Gaëtan and I started Cuurios in 2018 because we’ve noticed that many industrial big data analytics projects face difficulties to make it into daily reality. In our vision you need to add business value in the early stage of digitization and transform data into prioritized (and assigned) actions for it to be taken seriously. The underlying technology to transform the data does not need to be complex (i.e. AI or learning algorithms), the trick is to select the right mechanisms for your particular use case! Most importantly, make sure you well manage the actions resulting from these data analytics: your average dashboard does not do any of this!

In my current role I get a lot of energy bridging the gap between the customer’s daily reality, new technology and software development.  I’m enthusiastic, curious and people oriented. We typically like to listen very carefully to our clients ideas and requirements and ask the right questions in order for us to be able to deliver software solutions with a WOW factor: always go one step further!

Both professionally and privately I like complex puzzles, varying from large data sets, challenging customer use cases all the way to large LEGO Technic sets. I am confident that this mindset helps me to keep pushing boundaries in search for that missing piece!


A writer’s journey to software engineering – Meet Tamara

My very first program was written in Turbo Pascal. It was a very simple little application, where you could give your birth date, and the app was telling you your astrological sign and all the main characteristics. That was over 20 years ago, when computer science classes for the students in my country meant learning how to turn on and off a computer and change wallpapers.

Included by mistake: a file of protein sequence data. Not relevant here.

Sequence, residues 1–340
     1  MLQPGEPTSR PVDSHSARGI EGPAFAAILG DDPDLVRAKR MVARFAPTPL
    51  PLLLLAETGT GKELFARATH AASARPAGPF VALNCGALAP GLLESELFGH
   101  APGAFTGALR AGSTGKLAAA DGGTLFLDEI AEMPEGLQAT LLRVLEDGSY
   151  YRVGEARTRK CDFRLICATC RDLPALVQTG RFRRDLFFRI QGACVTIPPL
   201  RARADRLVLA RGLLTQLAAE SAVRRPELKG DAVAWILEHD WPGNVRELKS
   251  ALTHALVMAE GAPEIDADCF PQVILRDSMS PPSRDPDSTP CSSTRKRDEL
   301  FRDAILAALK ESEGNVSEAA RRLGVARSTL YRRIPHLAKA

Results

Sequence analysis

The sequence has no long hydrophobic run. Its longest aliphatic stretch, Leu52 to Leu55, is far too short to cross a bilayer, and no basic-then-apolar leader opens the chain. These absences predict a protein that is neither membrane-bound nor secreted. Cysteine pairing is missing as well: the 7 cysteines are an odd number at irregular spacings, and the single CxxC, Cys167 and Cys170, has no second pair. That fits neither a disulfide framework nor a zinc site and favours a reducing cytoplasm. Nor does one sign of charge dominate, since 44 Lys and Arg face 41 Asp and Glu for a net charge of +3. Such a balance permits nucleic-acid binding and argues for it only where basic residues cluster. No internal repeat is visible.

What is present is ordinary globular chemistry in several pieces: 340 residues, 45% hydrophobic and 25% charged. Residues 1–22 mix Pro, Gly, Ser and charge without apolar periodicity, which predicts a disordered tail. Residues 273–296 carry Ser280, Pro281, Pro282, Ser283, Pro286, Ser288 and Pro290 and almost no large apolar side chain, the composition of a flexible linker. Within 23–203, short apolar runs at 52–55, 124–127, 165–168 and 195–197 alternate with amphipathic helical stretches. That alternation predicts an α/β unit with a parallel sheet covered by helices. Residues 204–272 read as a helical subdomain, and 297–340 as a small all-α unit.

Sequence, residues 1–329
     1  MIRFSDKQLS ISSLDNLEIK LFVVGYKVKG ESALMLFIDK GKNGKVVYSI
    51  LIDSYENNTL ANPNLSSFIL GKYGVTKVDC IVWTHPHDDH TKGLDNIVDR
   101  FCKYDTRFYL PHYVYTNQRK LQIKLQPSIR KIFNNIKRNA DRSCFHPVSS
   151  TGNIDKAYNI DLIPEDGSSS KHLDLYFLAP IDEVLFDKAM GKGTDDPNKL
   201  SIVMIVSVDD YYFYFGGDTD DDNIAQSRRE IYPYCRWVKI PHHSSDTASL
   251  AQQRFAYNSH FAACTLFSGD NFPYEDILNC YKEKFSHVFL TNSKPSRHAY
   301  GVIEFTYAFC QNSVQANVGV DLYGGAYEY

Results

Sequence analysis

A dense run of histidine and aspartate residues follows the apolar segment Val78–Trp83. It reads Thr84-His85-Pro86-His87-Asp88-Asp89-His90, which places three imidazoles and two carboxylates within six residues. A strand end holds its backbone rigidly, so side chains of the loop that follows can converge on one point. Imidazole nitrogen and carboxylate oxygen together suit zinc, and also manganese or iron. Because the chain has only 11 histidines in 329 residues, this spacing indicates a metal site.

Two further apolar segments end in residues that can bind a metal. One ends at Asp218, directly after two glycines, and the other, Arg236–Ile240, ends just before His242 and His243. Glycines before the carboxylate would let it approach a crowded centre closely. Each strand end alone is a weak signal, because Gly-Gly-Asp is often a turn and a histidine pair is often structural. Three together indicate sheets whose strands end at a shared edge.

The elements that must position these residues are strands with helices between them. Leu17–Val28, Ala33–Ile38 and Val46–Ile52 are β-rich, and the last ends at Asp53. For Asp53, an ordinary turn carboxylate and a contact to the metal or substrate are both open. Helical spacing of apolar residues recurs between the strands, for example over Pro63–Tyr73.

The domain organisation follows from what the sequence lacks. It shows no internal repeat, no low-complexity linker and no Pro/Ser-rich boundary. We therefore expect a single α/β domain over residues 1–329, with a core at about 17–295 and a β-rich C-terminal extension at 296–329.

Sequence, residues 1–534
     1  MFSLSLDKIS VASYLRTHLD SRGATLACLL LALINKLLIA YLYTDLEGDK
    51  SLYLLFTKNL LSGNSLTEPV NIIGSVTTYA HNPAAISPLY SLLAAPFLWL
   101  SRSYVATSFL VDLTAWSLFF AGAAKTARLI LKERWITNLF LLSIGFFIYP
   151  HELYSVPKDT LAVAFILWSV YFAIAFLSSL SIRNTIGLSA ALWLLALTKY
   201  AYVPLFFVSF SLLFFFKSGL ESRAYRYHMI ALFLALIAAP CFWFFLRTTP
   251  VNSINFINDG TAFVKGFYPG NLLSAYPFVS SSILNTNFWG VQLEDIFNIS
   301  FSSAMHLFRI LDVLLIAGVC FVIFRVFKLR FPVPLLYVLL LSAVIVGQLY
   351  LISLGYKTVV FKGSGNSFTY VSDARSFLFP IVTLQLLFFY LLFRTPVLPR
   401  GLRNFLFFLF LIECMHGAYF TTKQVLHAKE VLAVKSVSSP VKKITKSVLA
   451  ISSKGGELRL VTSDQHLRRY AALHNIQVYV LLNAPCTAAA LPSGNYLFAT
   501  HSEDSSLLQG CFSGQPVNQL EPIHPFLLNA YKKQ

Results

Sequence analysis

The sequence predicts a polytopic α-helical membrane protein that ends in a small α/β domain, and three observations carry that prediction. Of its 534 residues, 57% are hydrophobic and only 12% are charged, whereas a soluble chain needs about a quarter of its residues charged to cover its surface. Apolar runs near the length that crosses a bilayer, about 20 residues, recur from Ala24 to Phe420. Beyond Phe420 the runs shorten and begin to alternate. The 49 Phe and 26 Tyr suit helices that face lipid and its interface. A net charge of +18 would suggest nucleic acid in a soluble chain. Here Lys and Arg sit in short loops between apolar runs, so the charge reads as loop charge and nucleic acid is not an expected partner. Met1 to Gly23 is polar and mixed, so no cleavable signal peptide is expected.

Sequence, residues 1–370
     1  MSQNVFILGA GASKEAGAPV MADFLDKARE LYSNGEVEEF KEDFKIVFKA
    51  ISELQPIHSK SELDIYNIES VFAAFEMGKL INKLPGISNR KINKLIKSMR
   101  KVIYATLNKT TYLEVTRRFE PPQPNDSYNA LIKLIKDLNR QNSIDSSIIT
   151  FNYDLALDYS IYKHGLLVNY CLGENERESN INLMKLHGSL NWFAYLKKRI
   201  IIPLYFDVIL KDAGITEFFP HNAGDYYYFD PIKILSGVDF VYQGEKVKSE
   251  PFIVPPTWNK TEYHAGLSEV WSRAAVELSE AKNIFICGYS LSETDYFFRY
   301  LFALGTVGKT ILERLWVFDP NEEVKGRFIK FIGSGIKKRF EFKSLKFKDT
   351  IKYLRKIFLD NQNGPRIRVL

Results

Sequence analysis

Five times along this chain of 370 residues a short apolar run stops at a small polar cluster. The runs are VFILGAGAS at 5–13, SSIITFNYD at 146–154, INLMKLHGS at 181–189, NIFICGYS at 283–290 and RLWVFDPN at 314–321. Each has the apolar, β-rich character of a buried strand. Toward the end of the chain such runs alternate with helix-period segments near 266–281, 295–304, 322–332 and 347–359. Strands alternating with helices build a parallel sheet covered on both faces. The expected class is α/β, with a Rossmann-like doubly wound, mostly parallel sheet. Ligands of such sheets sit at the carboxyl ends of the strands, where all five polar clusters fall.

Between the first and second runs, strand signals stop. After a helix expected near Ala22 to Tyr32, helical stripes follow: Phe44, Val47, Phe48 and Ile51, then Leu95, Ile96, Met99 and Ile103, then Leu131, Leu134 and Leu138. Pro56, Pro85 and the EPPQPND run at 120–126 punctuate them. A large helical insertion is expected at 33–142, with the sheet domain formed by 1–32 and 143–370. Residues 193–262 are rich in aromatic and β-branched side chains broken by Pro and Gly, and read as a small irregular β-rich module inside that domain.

I was always intrigued by the possibilities of this technology, and my primary school teacher was really happy that someone showed interest, so we started learning the real things, hardware and software as well. After primary school, I never again had the same opportunities or means to keep on learning.

Fast forward almost two decades, in my late twenties, still trying to find my passion, becoming tired and burnt out from marketing and copywriting that I was doing for over a decade, and not finding joy in being in law school either – mainly because I saw my future as lawyer, and suffice to say that it wasn’t as „romantic” as I imagined it.

From customer relations officer to HR assistant, from journalist to head of marketing I tried myself in many 9 to 5 jobs, until one day I decided, I wanted to do something completely different. At age 27 I decided it was time for a real change – and I started learning again. In just 3 years I became a web designer, and after rediscovering my love for coding, kept on learning to become a full stack developer.